Plants, like people, need a certain amount of salt to survive, but too much can be poisonous. Most plants can tolerate saltwater on their leaves and stems, but they will dehydrate if they drink saltwater from the soil. Even if they don't dehydrate, they may be poisoned by an excess of salt in their systems. The takeaway is to avoid watering your plants with saltwater if you want them to thrive.
Salt's Effect on Plants
Salt is a very common substance in the soil as well in the sea. However, the amount of salt in most soil is very, very low. Plants need a small amount of salinity to survive, since salt is one of the nutrients necessary for plants to grow, so the presence of some salt is necessary. However, saltwater has a high concentration of the mineral, which is why it can be poisonous to most plants.
Effect on Leaves and Stems
If saltwater is poured over a plant, contact with the leaves and stems will not usually harm the plant. If the saltwater soaks the leaves and stays on them for an extended period of time, the leaves might absorb the salt through their pores. However, most water will quickly be absorbed off of the leaves, leaving at the most a slight salt residue, which can inhibit photosynthesis. The real danger occurs when the saltwater falls on the ground and is absorbed into the soil.
When saltwater enters the soil, the plant tries to absorb it throughout its roots like normal water. However, saltwater does not allow for osmosis through the plant tissues. It is so dense that the salt solution actually draws water out of the plant, dehydrating and eventually killing it.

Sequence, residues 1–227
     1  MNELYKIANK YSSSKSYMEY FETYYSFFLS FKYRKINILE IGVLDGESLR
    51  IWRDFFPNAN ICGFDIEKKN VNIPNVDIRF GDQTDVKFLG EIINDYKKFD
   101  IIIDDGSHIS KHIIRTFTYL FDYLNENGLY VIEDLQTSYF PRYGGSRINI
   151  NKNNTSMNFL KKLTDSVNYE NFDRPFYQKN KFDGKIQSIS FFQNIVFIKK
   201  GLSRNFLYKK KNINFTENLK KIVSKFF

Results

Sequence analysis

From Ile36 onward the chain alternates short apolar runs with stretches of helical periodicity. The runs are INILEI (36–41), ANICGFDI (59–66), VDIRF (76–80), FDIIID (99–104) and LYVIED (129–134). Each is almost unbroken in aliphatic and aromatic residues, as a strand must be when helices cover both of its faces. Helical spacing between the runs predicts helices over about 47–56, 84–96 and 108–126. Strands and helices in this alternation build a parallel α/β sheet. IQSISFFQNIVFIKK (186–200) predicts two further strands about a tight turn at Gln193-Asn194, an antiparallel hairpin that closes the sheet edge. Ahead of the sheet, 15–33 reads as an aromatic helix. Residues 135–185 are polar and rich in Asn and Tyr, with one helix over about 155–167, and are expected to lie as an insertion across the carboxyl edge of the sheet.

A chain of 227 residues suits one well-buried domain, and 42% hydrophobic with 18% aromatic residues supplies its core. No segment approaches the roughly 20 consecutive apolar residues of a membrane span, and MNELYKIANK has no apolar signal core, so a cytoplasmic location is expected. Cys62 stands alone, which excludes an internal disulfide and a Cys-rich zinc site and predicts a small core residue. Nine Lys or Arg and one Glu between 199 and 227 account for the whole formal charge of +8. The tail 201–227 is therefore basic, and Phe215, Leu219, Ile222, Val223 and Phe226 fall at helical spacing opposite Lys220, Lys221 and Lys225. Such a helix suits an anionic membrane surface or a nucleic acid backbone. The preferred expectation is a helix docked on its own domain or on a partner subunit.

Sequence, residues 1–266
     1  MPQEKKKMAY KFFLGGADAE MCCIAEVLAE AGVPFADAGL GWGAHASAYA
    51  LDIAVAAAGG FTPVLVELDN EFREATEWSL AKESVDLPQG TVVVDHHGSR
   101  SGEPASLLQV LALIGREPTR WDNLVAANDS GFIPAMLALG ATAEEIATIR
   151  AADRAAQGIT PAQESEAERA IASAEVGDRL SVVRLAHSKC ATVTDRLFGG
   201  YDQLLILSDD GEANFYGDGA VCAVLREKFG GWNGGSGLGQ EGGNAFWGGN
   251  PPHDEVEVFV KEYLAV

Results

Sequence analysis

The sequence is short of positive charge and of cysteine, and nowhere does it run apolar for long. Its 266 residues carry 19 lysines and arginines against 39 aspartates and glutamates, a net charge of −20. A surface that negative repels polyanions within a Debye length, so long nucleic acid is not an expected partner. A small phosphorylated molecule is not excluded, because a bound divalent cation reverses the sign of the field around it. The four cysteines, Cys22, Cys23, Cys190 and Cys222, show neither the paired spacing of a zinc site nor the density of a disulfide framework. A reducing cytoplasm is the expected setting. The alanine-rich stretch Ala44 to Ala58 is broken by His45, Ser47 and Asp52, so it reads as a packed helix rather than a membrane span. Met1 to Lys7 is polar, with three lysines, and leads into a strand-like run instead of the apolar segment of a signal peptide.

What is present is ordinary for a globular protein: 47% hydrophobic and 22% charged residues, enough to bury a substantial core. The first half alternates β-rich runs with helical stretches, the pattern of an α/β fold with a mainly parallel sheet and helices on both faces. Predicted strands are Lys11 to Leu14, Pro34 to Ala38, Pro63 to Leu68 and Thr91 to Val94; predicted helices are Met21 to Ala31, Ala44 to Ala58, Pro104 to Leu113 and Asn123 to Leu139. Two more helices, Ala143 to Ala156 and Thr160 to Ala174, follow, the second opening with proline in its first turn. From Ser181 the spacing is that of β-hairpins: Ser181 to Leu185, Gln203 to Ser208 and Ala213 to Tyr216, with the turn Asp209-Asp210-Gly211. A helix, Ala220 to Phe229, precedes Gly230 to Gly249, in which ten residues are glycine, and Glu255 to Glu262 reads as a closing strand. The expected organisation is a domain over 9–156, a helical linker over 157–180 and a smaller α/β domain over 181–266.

If the saltwater does not dry the plant out (it may be receiving diluting water from other sources), there is also a danger of salt poisoning. Too much salt interferes with the chemical processes the plant uses to spread nutrients and convert chemicals into useful sugars. This salt intake will also kill the plant.
Some plants, such as those that grow in estuary-like environments or those classified as seaweeds, survive constant saltwater. They do this by developing thick, waxy coatings on their leaves to block saltwater, and moving salt extremely quickly through their tissues to deposit it outside through their pores before it can damage them.
About the Author
Tyler Lacoma has worked as a writer and editor for several years after graduating from George Fox University with a degree in business management and writing/literature. He works on business and technology topics for clients such as Obsessable, EBSCO, Drop.io, The TAC Group, Anaxos, Dynamic Page Solutions and others, specializing in ecology, marketing and modern trends.